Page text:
How the Senate’s Long-Term Equilibrium Could Shape Democratic Decisions on the Filibuster
A Commentary By Louis Jacobson
KEY POINTS FROM THIS ARTICLE
— A majority of states are now either solidly Republican or solidly Democratic on the presidential level, and the party a state prefers for president increasingly has a big edge in winning the state’s two Senate seats. Given these patterns, it’s possible to game out the basic contours of what the Senate “should” look like in the near future, barring some unexpected upheaval.
— Allocating Senate seats based on current presidential preferences produces an equilibrium of about 53 seats for the Republicans and 47 seats for the Democrats.
— This complicates the Democrats’ decision on whether to ditch the filibuster, because in a chamber where they may end up spending a lot of time in the minority in the future, ending the filibuster may destroy one of the few points of leverage the party would have.
The generic Republican edge in the Senate
With their party in control of the White House and the House, Democrats have been chafing at their bare majority in the Senate, currently a 50-50 tie that can be broken by Vice President Kamala Harris. Given the party’s ambitious agenda — from infrastructure and safety-net spending to election and policing legislation — more than a few Democrats, both inside and outside the chamber, have fantasized about a Senate without a filibuster.
The filibuster is a tool that can be used by a Senate minority to stall legislation unless 60 senators vote to take up the measure. In our era of intense partisanship, Democrats harbor little optimism that their most desired bills can secure the backing of 10 Republicans, which is the bare minimum required even if all Democrats are united behind a particular measure. So, with the exception of either non-controversial bills or ones where the “reconciliation” rule allows simple-majority passage, the Senate has become a legislative graveyard. But if the filibuster were to disappear, it might not be.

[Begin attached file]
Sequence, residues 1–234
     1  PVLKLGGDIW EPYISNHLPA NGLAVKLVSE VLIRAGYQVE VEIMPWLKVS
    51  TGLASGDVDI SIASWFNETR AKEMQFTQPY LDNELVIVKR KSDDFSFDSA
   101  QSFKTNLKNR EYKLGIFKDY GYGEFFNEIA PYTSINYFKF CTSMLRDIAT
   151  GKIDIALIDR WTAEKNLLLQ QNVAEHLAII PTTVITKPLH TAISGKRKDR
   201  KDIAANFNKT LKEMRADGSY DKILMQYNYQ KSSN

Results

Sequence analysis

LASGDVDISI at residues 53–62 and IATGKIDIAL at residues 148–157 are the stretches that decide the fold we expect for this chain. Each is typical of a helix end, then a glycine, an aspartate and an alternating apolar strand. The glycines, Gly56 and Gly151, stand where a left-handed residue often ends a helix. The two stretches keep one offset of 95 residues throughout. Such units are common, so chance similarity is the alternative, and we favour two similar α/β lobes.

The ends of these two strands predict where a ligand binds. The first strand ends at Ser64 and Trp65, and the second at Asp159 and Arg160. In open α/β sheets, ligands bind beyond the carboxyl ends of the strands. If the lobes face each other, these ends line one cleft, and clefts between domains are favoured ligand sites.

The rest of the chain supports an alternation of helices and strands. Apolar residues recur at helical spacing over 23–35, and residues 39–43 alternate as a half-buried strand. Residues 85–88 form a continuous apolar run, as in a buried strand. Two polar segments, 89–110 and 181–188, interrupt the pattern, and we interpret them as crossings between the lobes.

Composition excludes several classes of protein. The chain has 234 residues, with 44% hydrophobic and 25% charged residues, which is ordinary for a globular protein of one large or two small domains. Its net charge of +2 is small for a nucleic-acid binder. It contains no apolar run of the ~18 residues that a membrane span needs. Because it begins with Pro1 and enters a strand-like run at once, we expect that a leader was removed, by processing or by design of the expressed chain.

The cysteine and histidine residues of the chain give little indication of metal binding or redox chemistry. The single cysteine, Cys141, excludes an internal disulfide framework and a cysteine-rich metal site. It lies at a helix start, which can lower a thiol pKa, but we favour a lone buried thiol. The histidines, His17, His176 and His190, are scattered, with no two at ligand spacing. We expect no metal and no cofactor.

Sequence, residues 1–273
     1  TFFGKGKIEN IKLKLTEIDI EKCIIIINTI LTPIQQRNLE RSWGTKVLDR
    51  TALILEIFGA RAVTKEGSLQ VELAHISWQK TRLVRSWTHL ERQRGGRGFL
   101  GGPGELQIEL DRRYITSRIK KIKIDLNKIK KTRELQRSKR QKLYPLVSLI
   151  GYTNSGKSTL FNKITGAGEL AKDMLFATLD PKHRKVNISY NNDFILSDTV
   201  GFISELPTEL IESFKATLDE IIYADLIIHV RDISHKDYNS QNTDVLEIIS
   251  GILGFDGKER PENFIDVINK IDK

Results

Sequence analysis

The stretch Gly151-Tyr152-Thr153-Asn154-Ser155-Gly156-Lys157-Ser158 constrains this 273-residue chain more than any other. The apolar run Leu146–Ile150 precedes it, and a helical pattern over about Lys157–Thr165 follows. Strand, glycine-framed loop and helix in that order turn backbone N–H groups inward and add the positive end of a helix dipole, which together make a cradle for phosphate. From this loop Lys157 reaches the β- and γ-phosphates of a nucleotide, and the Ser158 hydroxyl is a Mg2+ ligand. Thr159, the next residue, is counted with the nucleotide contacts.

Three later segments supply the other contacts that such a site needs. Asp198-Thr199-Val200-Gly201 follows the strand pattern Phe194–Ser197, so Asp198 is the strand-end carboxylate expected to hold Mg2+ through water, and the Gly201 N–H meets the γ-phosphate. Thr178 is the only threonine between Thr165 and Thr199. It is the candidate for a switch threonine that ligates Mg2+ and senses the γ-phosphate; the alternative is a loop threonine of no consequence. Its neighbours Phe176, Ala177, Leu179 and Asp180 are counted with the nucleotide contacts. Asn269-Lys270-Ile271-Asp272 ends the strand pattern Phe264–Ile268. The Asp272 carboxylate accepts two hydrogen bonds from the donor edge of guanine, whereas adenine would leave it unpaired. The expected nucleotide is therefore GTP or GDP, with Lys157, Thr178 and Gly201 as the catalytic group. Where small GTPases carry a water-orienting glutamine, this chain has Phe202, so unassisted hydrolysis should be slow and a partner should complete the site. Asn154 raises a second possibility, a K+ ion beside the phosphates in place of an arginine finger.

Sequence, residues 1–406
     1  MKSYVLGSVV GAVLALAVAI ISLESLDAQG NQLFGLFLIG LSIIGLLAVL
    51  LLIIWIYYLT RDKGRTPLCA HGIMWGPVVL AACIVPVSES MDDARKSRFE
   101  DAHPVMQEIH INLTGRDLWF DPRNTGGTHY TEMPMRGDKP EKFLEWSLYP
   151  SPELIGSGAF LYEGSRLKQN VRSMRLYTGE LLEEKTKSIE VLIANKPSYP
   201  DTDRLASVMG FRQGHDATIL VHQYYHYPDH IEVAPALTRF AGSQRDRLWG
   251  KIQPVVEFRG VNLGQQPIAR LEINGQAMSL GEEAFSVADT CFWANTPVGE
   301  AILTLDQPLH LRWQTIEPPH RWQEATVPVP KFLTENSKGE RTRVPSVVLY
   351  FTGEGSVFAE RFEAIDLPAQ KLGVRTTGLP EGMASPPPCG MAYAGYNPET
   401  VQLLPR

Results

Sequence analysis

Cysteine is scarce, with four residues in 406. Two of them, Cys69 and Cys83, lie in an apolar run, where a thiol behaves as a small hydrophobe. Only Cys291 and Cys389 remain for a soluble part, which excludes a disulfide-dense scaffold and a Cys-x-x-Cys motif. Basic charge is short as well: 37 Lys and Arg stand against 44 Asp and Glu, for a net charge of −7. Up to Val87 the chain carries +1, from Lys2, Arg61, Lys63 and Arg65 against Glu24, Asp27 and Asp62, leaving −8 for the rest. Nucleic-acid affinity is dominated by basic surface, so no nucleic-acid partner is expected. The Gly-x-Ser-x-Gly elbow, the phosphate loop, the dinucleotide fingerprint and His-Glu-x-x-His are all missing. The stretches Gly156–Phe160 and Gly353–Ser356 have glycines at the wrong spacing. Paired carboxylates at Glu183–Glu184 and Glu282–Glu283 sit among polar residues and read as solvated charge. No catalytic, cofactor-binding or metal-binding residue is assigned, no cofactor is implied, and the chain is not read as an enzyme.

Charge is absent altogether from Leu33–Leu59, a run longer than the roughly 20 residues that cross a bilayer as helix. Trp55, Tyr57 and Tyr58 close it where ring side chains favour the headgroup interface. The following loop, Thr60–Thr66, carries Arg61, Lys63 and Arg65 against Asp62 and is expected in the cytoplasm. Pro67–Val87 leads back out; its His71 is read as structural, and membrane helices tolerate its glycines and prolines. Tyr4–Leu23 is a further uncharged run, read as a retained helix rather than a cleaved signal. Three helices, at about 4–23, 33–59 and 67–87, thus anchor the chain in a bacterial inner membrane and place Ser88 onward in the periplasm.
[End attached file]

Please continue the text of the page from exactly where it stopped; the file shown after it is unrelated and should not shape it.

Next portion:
The filibuster isn’t etched in stone. In 1917, the Senate voted to empower a supermajority of 67 to cut off a filibuster and move on to other business, using a motion known as “cloture.” Then, in 1975, the Senate voted to lower the supermajority to its current 60 votes.
To dismantle the filibuster either partly or fully wouldn’t take 60 votes. Using a method known as the “nuclear option,” a bare majority can change the rules. For decades, there was a norm against doing so, but by now, both parties have used it — by Democrats, to end the filibuster on presidential appointments other than the Supreme Court, and, a few years later, by Republicans to end the filibuster for Supreme Court nominations.
To be sure, getting rid of the filibuster wouldn’t be easy. One Democratic senator, Joe Manchin of West Virginia, is strongly opposed to the idea of ending the filibuster, and others have expressed concerns about ending it, including Kyrsten Sinema of Arizona. In the Senate’s current lineup, a “no” vote by either Manchin or Sinema would be enough to kill any effort to ditch the filibuster.
But the existence of the nuclear option means that, at least in theory, there’s a way to do it. And given that reality, one urgent question is whether it would be in the Democrats’ long-term interests to pursue that course.
A look at partisanship patterns in the Senate can shed some light on that question.